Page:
Installing power sockets

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Yowie

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Planning on installing a heap of power outlets to power cameras, sound recorder and various other gadgets. Pretty much all of these things can be powered with USB cables (have done it on other bikes recently) and I want to make it as neat a job as possible (UNlike some previous instals on other bikes).
Also intend installing a number of RAM mounts.

Before reinventing the wheel I thought I'd ask what other riders might have done to their bikes to accommodate such fandanglry.

Two obvious and very accessible places would be the cover over the battery and the same spot on the left side of the bike. BUT installing in these places would mean cutting holes through the plastics UNLESS there were available some very low profile outlet box which could be double-sided taped there.

Anyway, if other folks have some good ideas/experience please let me know.

Cheers
 

Yowie

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1665907223987.png Just found these. Might be modifiable for the job. Will keep looking.
 

rbentnail

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You need to keep looking b/c if it ain't waterproof you don't want it. Until recently I thought nothing about it until a trip where it rained horribly and I put my phone away but left the usb cable plugged in. Water grounded the plug and burned the end up. Luckily the usb adapter survived.
 

RossKean

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You need to keep looking b/c if it ain't waterproof you don't want it. Until recently I thought nothing about it until a trip where it rained horribly and I put my phone away but left the usb cable plugged in. Water grounded the plug and burned the end up. Luckily the usb adapter survived.
Agreed! In terms of waterproof USB outlets, most I have seen are surface mount round plugs with two outlets. Some appear to be more waterproof than others - many just have a flexible rubber flap with two nubs that fit into the outlets. less commonly, you find one with a spring-loaded cover and gasket that I would expect to be better at preventing water ingress.

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Oldjeep

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I don't think that there is any such thing as a weatherproof USB connection. If you want to turn the bike into a circus wagon I would consider weather-pak connectors.
 

sapest

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The only USB products I have ever seen that are truly waterproof are marine grade, like this. Not really motorcycle oriented, perhaps one could be fitted inside the ‘glovebox’.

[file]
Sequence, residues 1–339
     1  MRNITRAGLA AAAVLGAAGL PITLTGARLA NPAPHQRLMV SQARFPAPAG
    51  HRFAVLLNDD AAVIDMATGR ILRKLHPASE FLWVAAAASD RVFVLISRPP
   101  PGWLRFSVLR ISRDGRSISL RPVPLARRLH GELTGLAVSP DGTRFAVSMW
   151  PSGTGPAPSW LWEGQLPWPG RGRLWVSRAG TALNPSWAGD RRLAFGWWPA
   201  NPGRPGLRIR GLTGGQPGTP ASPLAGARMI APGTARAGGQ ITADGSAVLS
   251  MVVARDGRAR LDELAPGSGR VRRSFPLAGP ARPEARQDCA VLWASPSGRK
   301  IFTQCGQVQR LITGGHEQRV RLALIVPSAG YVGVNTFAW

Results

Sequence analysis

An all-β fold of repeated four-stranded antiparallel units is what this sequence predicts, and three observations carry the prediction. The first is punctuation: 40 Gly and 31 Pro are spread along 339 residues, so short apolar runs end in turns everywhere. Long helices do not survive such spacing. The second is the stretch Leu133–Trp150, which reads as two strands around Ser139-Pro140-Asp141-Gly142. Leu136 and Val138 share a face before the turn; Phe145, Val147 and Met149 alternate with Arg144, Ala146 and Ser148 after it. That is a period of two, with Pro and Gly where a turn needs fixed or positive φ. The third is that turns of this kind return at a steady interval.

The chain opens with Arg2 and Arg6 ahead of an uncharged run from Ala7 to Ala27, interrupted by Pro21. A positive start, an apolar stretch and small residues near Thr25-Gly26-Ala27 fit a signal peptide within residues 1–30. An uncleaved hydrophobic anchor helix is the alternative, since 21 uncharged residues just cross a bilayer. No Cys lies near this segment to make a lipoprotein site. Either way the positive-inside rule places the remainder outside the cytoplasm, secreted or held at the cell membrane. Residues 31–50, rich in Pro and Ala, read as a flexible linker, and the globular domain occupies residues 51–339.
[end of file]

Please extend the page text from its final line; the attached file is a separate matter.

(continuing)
-Steve
 

Ignacio

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I installed a single Powerlet to the fairing wired to the battery and then a pigtail to my tank bag for a powered bag. I have an Anker USB plug with four ports including a higher wattage USB-C, plug for my electric clothing, a lead to charge my phone, etc. 15 amps was more than enough to go around. It's the only thing I've wired to my battery directly...with a fuse of course.
 
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Yowie

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You need to keep looking b/c if it ain't waterproof you don't want it. Until recently I thought nothing about it until a trip where it rained horribly and I put my phone away but left the usb cable plugged in. Water grounded the plug and burned the end up. Luckily the usb adapter survived.
Yes, whatever is used needs to be fused and have its own isolation switch.
Agreed! In terms of waterproof USB outlets, most I have seen are surface mount round plugs with two outlets. Some appear to be more waterproof than others - many just have a flexible rubber flap with two nubs that fit into the outlets. less commonly, you find one with a spring-loaded cover and gasket that I would expect to be better at preventing water ingress.

View attachment 2889
Those units do work quite well. They are what I have used previously, fused and isolation switched. BUT I want to try to come up with a way to do things that doesn't require modifying the bike's panels.

I use a powerbank located out of the weather in the tankbag…
There's a lot of merit in that, or a sililar, way of doing things! Would keep everything COMPLETELY independent of the bike, which seems a very good idea!
 

sapest

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Those units do work quite well. They are what I have used previously, fused and isolation switched. BUT I want to try to come up with a way to do things that doesn't require modifying the bike's panels.
If you can source one of the dashboard shelves that used to be for sale here, you could mount whatever you want without touching any tupperware.
-Steve
 

Oldjeep

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The only USB products I have ever seen that are truly waterproof are marine grade, like this. Not really motorcycle oriented, perhaps one could be fitted inside the ‘glovebox’.
-Steve
Waterproof when not in use. My comment was directed to the pile of stuff he wants to have plugged in, and the lack of waterproofing then.